grafton city blues: Angie interviews playwright kevin ramsey for the milwaukee rep 2007/08 season


“Grafton City Blues” Interview with playwright Kevin Ramsey

Last season Stackner Cabaret audiences were treated to a spirited world premiere production of SAM COOKE – FOREVER MR. SOUL, written and directed by Kevin Ramsey. When he was here last year, Kevin learned about the history of Paramount Records that was located in Grafton, Wisconsin. One person who has assisted him in his research was Angela K. Mack, co-founder of Paramounts
Home,, and Music Director/Instructor with the North Shore Academy of the Arts. Here, Angela interviews Kevin about his exuberant world
premiere musical, GRAFTON CITY BLUES.

Angela K. Mack: Where did you grow up and how did you get introduced to the world of theater?

Kevin Ramsey: I was born and raised in New Orleans. I grew up a stutterer as a youngster. My sister got me involved in a summer theater program as a form of speech therapy at the Free Southern Theater, which was one of the oldest African-American theater companies in the southern region. I guess you can say I found my passion at age 12.

AKM: How is Grafton like New Orleans?

KR: A river runs through both of them. Their musical traditions and contributions are very different. New Orleans is the birthplace and Grafton is one of the cradles.

AKM: What were your greatest sources of inspiration for this musical?

KR: I was fascinated by the idea of the blues being created and recorded in this very small rural all-white town. I was introduced to a brief history of Grafton by Cecilia Gilbert [a former Rep board member and the City of Milwaukee’s Permits and Communications Manager for the Department of Public Works], who I met last season when I was at The Rep doing the Sam Cooke project. It was a most educational encounter. Ms. Gilbert spoke enthusiastically about Paramount Records and other intriguing Wisconsin history, including Bronzeville. I have set the play in an attic in Milwaukee’s historic Bronzeville district. Actually, my set designer, Jill Lyons, suggested the attic. Originally it was set in a basement. I loved the attic idea especially because the piece deals with conjuring up the past and the spirit world. The attic made it feel not so earth-bound. The show is a stylized retelling of stories and tales woven into a musical blues rap discourse celebrating Paramount Records and the blues.

AKM: What is the main message of this musical? Why is it important for this message to be told?

KR: I would say the question explored in the musical is: what do we do with our legacy and how do we use it? Each audience member will be effected differently, I suppose. As humans we are usually in search of a connection with where we have come from and how we fit in.

AKM: Are there any subtle twists or contradictions you use to convey the message?

KR: Certainly. It’s the blues; and the blues is full of contradictions.

AKM: Describe your first trip to Grafton, Wisconsin, in one word.

KR: Intriguing.

AKM: Why is GRAFTON CITY BLUES a great fit for you as a playwright?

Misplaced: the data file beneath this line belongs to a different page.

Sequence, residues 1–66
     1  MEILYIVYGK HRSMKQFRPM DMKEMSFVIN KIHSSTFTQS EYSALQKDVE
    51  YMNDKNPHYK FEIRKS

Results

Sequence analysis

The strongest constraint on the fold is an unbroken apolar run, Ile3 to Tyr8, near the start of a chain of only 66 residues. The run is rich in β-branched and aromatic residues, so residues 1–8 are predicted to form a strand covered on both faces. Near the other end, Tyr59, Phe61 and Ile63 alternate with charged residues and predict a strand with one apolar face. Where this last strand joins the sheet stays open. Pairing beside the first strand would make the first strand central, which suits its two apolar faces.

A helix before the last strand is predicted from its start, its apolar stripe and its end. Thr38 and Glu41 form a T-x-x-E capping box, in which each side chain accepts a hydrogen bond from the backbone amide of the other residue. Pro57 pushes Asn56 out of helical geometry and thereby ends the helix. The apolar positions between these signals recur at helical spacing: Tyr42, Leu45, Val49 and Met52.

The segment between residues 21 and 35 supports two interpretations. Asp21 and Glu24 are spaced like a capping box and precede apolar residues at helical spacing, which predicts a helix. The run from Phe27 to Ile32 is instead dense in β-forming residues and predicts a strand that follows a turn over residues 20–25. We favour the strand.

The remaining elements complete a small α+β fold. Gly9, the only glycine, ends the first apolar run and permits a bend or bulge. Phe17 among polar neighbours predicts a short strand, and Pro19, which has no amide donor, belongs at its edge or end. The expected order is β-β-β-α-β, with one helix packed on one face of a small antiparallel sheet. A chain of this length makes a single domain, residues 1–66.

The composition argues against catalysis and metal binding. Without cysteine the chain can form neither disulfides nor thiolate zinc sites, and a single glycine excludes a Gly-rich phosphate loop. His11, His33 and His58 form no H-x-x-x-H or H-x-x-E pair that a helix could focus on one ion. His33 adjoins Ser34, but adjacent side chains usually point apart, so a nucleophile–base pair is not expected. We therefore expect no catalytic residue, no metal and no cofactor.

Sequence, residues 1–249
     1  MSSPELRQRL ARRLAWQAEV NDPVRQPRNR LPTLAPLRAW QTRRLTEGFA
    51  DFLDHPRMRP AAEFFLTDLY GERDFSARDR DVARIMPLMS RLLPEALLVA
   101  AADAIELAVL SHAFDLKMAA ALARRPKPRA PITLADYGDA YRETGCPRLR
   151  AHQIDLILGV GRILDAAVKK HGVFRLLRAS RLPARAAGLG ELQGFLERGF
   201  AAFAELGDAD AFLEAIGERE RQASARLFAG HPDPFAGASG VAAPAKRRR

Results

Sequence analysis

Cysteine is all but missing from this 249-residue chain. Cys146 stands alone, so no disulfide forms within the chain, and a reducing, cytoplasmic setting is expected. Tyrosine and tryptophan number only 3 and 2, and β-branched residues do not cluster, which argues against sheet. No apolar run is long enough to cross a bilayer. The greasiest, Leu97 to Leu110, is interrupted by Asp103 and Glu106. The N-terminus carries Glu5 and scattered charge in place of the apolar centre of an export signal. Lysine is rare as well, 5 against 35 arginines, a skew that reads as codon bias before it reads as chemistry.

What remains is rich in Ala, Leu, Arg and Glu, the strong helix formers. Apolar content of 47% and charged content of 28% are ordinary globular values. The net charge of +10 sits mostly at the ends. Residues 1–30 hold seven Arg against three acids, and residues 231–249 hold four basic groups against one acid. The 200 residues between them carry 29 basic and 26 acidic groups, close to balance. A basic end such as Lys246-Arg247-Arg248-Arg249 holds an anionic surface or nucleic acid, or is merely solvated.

KR: It fuels my love for history and music.

AKM: What aspects of this musical are you the most pleased with?

KR: Thus far, I am extremely excited about the cast assembled: Jannie Jones, Jeremy Cohen, Eric Noden and Juson Williams. They will knock your socks off. In terms of the musical, once we are in rehearsals and in front of an audience I will let you know.

AKM: Is the story more historical or historical fiction?

KR: I think a mixture of both. Recalling history can be very challenging. Whose history are you recalling and from whose perspective? My process was to find as much historical information as possible and then throw it all away.

AKM: What do you want your audience to go away with?

KR: An awareness of the legacies in one’s own ‘attic’, as well as a deeper appreciation for the early pioneers of blues music.

AKM: How has this musical inspired you personally?

KR: I am inspired to listen more deeply to the world around me.

AKM: Both of the musicals that you have written so far for The Rep, SAM COOKE and GRAFTON CITY BLUES, are about African-American musicians. Do you think that this is a niche that you would like to continue pursuing?

KR: Actually, I’ve written four musicals. I grew up surrounded by music, interesting characters and events. Music and stories are in my blood. I am committed to the historical examination and retelling of the African-American musical experience and its artistic contribution to American and world cultures. So, yes, I will.

Rescued from

By chroniccreativity

Listen to a recent podcast episode in which The World Music Foundation talks with Angie about her pioneering work to preserve music history.

Mack Reilly is internationally known as a music educator, researcher and historian. She has worked with many famous writers and playwrights, musicians, actors, producers and film directors from all over the world. She introduced embracing the music history concept for Grafton’s downtown Paramount Plaza and served as the Chairperson for the International Walk of Fame Committee. Her spearheaded efforts have substantially increased tourism revenue throughout Ozaukee County despite the fact that she has been a volunteer. She is the one who pitched the ideas of having an annual blues festival in Grafton, a Paramount Walking Tour and a PBS “History Detectives” segment on Paramount Records.. She is famous for helping discover the unmarked grave of legendary blues icon, Arthur “Blind” Blake. She was a contributor on both of Jack White’s Grammy award winning Paramount box sets.

“Mack has since worked tirelessly to preserve and commemorate the city’s musical legacy,” –Amanda Petrusich, American music journalist and author for the New York Times, The New Yorker, Pitchfork Media and Paste (taken from her book,

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